Home Country, a performance by Urban Theatre Projects. Colo Lane Car Park Blacktown
Towards the beginning of Urban Theatre Projects’ production of Home Country an indigenous performer (Uncle Cheeky: Billy Mcpherson) welcomes the audience by telling them they are all “ring ins” and explaining “Well, I’m not from around here and neither are you….Unless you’re Darug here or Gadigal over there.” This was a somewhat startling statement to make at a beginning of a performance titled Home Country. Of course for most of us the relationship to place in Australia is a recent one, at most going back a little over 200 years, but even then it has been a transitory relationship with a limited connection and relationship to a particular place.
Any feeling of surprise or discomfit at such a statement was countered by the formal welcome to country and a smoking ceremony performed by Aboriginal Elder Uncle Wes Marne and his grandson in which the audience was introduced to the concept of the cleansing smoke. The audience was given the leaves of the special tree from Uncle Wes’s country up north by Uncle Greg Simms to touch and smell and were immersed in the wafting of the smoke — a generous rite in the process of formal welcome to his home country for all those coming to it and a removal of any tensions or illness between peoples. As Uncle Wes said “anyone touched by this smoke is onto a good thing”.
The audience on the first Friday night of the unfortunately limited ten-night season no doubt included people who had spent various amounts of time in this thriving city of over 350,000 people — which is the catalyst to this site specific piece of theatre that includes three interspersed narratives about place and belonging and identity.
Blacktown is the perfect locus for what the director Rosie Dennis wanted to be an exploration ‘of contemporary perspectives of home’ given it embraced thousands of Post World War II migrants in a more generous era when Australia opened its arms to over 1,000,000 migrants fleeing the chaos and hardship of the Fascism that had torn Europe asunder. To position myself, let me share that this reviewer spent a happy childhood calling this multi-cultural hub “home”. I encountered, in the couple of blocks mum would let me explore without supervision, people from many nationalities and cultures and I am grateful for that positive experience. Consequently, it was a great pleasure to attend this wonderful performance staged in the Colo Lane carpark by Urban Theatre Projects under the artistic direction of Rosie Denis who developed the concept with three writers Andrea James (Blacktown Angels), Peter Polites (Steps into Katouna) and Gaele Sobott (Zaphora and Ali).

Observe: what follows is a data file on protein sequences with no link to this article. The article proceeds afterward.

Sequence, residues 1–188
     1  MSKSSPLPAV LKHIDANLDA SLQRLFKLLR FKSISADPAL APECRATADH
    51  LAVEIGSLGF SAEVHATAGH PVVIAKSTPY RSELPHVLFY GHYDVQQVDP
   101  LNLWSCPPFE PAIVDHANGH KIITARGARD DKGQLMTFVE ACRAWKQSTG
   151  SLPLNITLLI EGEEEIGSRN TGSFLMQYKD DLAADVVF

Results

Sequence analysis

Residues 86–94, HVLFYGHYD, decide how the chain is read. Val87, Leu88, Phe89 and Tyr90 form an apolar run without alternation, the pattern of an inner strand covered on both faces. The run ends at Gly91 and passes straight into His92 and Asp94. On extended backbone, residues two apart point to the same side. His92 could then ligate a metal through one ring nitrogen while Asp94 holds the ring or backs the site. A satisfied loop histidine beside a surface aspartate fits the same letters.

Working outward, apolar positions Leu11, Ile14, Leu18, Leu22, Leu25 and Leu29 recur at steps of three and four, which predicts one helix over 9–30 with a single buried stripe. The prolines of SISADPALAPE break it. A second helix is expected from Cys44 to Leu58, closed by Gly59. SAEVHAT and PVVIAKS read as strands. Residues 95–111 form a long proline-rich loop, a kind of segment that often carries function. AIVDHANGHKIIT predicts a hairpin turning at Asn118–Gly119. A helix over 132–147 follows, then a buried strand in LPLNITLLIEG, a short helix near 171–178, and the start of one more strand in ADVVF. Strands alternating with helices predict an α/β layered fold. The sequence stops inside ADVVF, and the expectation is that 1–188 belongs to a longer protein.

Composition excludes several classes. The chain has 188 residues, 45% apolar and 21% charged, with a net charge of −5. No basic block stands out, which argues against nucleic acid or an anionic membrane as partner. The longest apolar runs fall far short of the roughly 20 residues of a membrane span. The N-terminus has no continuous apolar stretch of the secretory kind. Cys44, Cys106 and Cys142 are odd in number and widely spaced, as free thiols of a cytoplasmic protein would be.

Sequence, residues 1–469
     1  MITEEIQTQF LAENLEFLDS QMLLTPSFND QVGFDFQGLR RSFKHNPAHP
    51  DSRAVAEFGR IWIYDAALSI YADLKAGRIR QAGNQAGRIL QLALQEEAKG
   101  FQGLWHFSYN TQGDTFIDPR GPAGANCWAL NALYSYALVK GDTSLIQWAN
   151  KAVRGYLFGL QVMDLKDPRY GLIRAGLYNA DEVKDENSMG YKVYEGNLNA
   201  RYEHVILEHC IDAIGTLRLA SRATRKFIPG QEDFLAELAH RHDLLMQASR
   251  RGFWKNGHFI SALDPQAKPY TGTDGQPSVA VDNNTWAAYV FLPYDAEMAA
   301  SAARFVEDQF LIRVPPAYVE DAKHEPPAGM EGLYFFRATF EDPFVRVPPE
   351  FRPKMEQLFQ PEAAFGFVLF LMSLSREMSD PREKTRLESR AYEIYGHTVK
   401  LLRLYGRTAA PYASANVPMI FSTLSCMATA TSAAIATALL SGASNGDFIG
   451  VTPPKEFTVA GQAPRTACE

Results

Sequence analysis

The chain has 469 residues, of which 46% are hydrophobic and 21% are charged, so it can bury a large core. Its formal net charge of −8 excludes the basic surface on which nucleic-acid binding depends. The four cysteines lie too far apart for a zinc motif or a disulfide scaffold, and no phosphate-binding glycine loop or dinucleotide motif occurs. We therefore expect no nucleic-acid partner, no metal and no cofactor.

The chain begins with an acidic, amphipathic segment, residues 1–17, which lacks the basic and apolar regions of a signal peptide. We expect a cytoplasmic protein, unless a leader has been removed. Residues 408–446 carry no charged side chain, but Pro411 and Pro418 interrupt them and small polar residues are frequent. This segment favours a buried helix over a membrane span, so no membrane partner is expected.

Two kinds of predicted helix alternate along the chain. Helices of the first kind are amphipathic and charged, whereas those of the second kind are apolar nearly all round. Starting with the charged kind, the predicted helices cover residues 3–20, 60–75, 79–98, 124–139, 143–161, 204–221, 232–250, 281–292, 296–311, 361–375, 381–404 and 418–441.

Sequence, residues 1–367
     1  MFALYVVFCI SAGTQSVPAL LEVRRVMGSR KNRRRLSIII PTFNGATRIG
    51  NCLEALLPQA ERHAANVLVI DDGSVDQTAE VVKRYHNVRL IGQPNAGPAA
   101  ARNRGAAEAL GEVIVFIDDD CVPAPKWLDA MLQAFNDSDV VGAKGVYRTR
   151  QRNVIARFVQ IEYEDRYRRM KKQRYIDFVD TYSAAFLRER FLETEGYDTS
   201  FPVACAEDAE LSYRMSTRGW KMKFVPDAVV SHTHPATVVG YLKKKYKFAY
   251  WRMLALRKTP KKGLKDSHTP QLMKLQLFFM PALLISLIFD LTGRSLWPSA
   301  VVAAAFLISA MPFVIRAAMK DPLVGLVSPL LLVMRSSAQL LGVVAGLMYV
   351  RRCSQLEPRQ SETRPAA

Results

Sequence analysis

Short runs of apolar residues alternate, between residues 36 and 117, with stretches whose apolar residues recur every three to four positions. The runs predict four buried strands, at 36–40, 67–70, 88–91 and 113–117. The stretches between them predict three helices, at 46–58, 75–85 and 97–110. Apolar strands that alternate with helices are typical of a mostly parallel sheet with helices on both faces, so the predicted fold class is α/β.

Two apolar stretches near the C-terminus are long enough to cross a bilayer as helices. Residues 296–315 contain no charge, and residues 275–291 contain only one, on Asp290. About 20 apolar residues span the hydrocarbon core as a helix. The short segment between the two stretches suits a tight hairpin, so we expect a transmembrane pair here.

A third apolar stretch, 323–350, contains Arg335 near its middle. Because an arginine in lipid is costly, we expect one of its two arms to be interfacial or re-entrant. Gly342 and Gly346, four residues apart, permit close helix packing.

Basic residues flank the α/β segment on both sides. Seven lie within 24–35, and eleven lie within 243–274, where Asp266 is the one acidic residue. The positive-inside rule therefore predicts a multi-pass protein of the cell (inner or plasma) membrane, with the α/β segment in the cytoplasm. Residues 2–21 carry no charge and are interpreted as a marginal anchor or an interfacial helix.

The chapter “Blacktown Angels” is performed by Shakira Clanton as the namesake Angel and Billy McPherson whose presence as Uncle Cheeky bookends the experience of the whole performance.
The chapter “Steps into Katouna” is immersive with earphones giving us the inside story of a young gay young man who remembers his heritage, his family and the differences between his day to day life and his heritage – the duality of his interior reality.
The chapter “Zaphora and Ali” gives by turns dramatic, humourous and celebratory notes to the necessary debates and conversations which need to occur in this country. Not just between individuals but also communities so as to connect, discover the commonality and respect the differences that comprise each of us.
The experience of Home Country is interactive and sometimes challenging, with a team of Hosts guiding the patrons onto the next experience and where one gets to carry one’s own very light stool from level to level and the performances are staged in various places in the venue which is an open air multi-level carpark. The experience is at times mediated by the mellifluous voice of MC Kween G who also performed with wonderfully talented musicians Mahmmd Lelo and James Tawadros. On a evening of a day with fierce 40+ degree heat, during the interval the large audience shared a wonderful feast curated by Helen Roseberry and supplied by small businesses from the western suburbs of Sydney representing different cultural groups. So whilst we ate amazing African, Afghani and Greek foods, thankfully the scorching heat dissipated somewhat as the southerly blew cooling drops of rain down on the heat retaining tarmac of the upper deck where we experienced the final scenes.
Clearly, the unusual venue itself is a key player, ensuring that in addition to the words and performances, art and life interacting with the land and its climate. As one moves through from the ground level to the upper level the audience experiences the view and the huge open bowl of the sky on these Cumberland Plains — lending a spectacle and power at twilight no closed theatre could lend this piece that embodies a message to modern Australia of the transcendence of the sum of the parts of a society.
– Linda Adair
Linda Adair is a Sydney based writer and critic and a founding editor of Rochford Street Review.
Home Country, presented by Urban Theatre Orijects, Blacktown Arts Centre and The Sydney Festival, runs to 22 January. Booking details at http://urbantheatre.com.au/